The Scary Supreme Court Case That Could Set Off A Literal Arms Race In The United States


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The Supreme Court appears to be giving serious consideration to a case that, if taken up by the justices, could strip lawmakers of much of what remains of their ability to address America’s gun violence epidemic — 33,636 people were killed by firearms in the United States in 2013. Indeed, should the justices ultimately side with the plaintiffs in this case, it could set off an arms race where gun makers and the National Rifle Association sprint to ensure that new methods of killing people are widely available as fast as possible so that those methods will gain special constitutional protection.

Friedman v. City of Highland Park largely turns upon the significance of one line in the Supreme Court’s 2008 DC v. Heller decision, which held for the first time in American history that the Second Amendment protects an individual right to possess guns. Though Heller was a tremendous victory for supporters of gun rights, it also held that “the right secured by the Second Amendment . . . was not a right to keep and carry any weapon whatsoever in any manner whatsoever and for whatever purpose.” Heller also listed several examples of gun regulations that would survive judicial scrutiny.

Among other things, Heller said that the sorts of weapons protected by the Second Amendment, “were those ‘in common use at the time.’” Justice Antonin Scalia added, in his opinion for the Court, that this “limitation is fairly supported by the historical tradition of prohibiting the carrying of ‘dangerous and unusual weapons.’”

The plaintiffs in Friedman effectively claim that Scalia’s list of examples of laws that would survive Second Amendment scrutiny is an exclusive list — thus, if laws restricting “dangerous and unusual” weapons are allowed, it follows that laws restricting other kinds of weapons are not allowed. They challenge a local ordinance banning assault weapons and large-capacity magazines, claiming that these weapons are actually quite common and therefore cannot qualify as “unusual.” In their petition asking the Court to hear the case, for example, the plaintiffs claim that the challenged ordinance “includes some of the most popular firearms in the Nation,” adding that “between 1990 and 2012, over 5 million AR-platform firearms were manufactured for the domestic commercial market.”

At least one conservative judge disagrees with the plaintiffs’ reading of Heller, however. In an opinion by Judge Frank Easterbrook, a Reagan appointee and frequent speaker at the conservative Federalist Society’s events, the United States Court of Appeals for the Seventh Circuit rejected the idea that Scalia’s list of examples of permissible laws was intended to be an exclusive list. “Heller does not purport to define the full scope of the Second Amendment,” Easterbrook wrote in the opinion the Friedman plaintiffs ask the Court to review. “The Court has not told us what other entitlements the Second Amendment creates or what kinds of gun regulations legislatures may enact,” he continued, adding that “cautionary language about what has been left open should not be read as if it were part of the Constitution or answered all possible questions.”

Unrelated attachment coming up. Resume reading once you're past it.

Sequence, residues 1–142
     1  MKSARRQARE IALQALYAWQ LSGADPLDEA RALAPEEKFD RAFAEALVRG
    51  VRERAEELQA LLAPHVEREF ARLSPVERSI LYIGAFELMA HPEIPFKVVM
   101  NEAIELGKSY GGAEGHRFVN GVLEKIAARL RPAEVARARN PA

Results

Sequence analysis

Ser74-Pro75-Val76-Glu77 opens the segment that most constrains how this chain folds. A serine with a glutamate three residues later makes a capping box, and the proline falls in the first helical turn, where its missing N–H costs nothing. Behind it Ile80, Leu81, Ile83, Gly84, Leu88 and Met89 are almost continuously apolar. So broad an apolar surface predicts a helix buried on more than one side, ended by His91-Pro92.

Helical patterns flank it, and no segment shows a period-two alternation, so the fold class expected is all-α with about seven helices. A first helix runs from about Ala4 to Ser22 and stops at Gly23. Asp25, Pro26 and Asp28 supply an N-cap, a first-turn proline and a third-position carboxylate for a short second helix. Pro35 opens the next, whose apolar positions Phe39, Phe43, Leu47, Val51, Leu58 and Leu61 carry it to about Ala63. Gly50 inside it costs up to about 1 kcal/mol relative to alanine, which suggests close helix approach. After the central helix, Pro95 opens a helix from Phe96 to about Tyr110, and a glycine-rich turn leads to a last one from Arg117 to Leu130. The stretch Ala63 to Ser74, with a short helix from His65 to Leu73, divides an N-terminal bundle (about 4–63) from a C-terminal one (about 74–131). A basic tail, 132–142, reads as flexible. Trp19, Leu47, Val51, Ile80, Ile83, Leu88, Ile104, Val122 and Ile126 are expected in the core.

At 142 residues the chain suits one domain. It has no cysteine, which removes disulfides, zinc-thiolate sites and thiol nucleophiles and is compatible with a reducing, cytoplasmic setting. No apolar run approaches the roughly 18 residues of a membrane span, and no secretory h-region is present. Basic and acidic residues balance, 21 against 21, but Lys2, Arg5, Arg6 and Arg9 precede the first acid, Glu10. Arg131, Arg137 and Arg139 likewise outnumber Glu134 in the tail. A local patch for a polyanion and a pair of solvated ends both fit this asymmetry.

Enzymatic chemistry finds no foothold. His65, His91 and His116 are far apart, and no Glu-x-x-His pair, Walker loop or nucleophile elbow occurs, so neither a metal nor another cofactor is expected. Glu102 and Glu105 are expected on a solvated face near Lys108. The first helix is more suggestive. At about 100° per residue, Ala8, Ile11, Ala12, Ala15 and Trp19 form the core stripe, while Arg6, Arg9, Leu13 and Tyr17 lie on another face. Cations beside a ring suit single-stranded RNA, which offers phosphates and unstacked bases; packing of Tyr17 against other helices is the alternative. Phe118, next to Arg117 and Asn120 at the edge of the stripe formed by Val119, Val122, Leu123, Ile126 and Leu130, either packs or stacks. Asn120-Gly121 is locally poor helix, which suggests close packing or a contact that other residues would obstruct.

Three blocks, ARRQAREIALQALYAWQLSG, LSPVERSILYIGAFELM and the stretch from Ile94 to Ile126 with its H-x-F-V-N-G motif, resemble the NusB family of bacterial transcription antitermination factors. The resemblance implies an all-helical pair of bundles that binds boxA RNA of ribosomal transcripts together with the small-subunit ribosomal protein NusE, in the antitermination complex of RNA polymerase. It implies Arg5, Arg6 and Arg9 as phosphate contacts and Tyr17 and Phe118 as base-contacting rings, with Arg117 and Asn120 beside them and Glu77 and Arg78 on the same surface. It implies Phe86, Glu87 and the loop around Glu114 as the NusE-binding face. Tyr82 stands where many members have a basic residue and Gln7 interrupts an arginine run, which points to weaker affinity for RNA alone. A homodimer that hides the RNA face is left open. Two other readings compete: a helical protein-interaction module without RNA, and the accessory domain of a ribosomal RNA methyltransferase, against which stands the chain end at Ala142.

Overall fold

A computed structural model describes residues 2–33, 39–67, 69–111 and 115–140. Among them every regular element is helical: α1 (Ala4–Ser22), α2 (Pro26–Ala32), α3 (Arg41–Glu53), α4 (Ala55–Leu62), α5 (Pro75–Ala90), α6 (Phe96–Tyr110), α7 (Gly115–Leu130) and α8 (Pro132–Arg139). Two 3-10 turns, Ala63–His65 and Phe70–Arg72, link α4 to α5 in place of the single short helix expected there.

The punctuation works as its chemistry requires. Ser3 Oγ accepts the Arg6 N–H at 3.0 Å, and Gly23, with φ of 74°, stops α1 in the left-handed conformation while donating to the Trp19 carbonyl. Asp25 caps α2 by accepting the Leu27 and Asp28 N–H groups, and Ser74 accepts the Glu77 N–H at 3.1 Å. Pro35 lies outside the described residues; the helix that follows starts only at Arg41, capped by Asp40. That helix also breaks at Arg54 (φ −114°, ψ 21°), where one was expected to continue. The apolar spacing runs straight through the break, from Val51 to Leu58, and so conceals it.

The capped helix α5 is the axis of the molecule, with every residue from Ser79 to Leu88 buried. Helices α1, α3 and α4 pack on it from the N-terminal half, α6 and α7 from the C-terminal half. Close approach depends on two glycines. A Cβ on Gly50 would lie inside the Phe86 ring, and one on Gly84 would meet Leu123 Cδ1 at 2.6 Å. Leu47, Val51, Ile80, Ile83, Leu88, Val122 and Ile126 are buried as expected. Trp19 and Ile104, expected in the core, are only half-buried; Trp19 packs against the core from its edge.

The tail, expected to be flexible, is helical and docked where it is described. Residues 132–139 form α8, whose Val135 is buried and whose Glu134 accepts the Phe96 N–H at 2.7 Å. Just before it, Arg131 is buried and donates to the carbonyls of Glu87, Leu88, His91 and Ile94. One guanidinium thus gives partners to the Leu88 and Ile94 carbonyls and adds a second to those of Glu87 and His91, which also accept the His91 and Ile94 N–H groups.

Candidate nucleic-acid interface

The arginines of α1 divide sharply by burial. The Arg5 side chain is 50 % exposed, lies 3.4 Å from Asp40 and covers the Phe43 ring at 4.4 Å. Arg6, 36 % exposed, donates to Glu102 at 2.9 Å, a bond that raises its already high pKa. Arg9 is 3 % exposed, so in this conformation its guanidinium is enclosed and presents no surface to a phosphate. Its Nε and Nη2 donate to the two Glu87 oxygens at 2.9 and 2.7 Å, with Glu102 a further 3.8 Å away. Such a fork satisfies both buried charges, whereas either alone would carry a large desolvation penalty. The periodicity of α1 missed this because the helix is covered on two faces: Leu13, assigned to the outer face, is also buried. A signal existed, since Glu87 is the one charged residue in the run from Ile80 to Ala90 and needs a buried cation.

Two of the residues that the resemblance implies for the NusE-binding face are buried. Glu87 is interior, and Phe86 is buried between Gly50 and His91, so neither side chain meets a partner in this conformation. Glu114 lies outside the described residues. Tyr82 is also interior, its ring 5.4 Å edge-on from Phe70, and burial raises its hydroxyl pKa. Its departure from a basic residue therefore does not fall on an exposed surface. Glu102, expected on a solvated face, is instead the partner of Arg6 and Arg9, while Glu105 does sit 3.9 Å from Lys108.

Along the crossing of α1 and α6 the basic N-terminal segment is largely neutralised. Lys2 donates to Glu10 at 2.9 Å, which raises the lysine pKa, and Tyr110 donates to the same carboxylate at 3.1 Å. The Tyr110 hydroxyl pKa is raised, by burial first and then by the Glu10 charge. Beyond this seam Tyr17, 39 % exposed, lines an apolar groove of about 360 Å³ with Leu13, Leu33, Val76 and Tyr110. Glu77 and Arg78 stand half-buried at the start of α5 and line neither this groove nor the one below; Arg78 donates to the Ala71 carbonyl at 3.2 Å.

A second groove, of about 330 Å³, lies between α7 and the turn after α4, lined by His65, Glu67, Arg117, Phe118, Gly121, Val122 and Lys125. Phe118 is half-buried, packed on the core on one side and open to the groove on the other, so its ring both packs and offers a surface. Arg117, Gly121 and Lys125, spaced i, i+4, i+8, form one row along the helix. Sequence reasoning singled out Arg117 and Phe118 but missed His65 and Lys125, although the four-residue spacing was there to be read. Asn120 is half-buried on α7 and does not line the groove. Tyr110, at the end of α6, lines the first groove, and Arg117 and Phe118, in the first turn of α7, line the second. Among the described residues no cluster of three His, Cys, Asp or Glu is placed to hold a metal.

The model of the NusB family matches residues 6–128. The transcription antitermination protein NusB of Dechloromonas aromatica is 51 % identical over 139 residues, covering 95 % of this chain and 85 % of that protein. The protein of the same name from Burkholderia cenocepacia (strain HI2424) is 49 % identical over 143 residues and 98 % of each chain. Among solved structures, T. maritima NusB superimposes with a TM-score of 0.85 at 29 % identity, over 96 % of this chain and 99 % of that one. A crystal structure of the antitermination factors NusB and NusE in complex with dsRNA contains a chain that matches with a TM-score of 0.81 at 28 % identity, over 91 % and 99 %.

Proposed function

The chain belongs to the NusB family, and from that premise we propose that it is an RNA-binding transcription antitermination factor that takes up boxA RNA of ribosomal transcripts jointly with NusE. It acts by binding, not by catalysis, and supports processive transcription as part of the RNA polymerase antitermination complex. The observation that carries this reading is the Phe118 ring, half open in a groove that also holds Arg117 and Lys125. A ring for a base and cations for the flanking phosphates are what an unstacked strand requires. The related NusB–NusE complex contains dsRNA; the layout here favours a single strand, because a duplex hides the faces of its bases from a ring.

The Court has not yet agreed to hear this case, although there are early signs that they may do so. The justices originally considered whether to take the case during their October 9th conference, and the Court’s docket indicates that they relisted the case for additional consideration at their October 16th conference. The Court’s recent practice has typically been to relist cases at least once before they agree to hear them. The case is also listed on SCOTUSBlog’s list of “Petitions We’re Watching.”

Should the plaintiffs ultimately prevail in this case, however, it’s not hard to imagine what would happen. Gun manufacturers who develop new and more efficient weapons would have a strong incentive to distribute those weapons to as many people as quickly as possible — even at prices that would not be profitable for the gun maker in the short-term — so that those weapons would gain the special constitutional protection sought by the plaintiffs in Friedman. The NRA, meanwhile, is likely to encourage its network of supporters to buy such weapons in order to expand the scope of the Second Amendment. Should a longstanding gun regulation be repealed by a future Congress, moreover, the NRA would have a similar incentive to encourage that the newly legal weapons become bestselling items in order to prevent the ban from being reinstated in the future. Each time America’s gun laws are weakened could trigger a race against the clock where gun makers and the NRA work to distribute newly legal guns as widely as possible.

Indeed, many, although not all, guns that are banned by the ordinance at issue in Friedman were once illegal under a federal assault rifle ban that expired in 2004 under President George W. Bush.

The Court could announce as soon as Monday morning whether it will hear this case.


Reprinted with permission from Think Progress, a branch of The Center for American Progress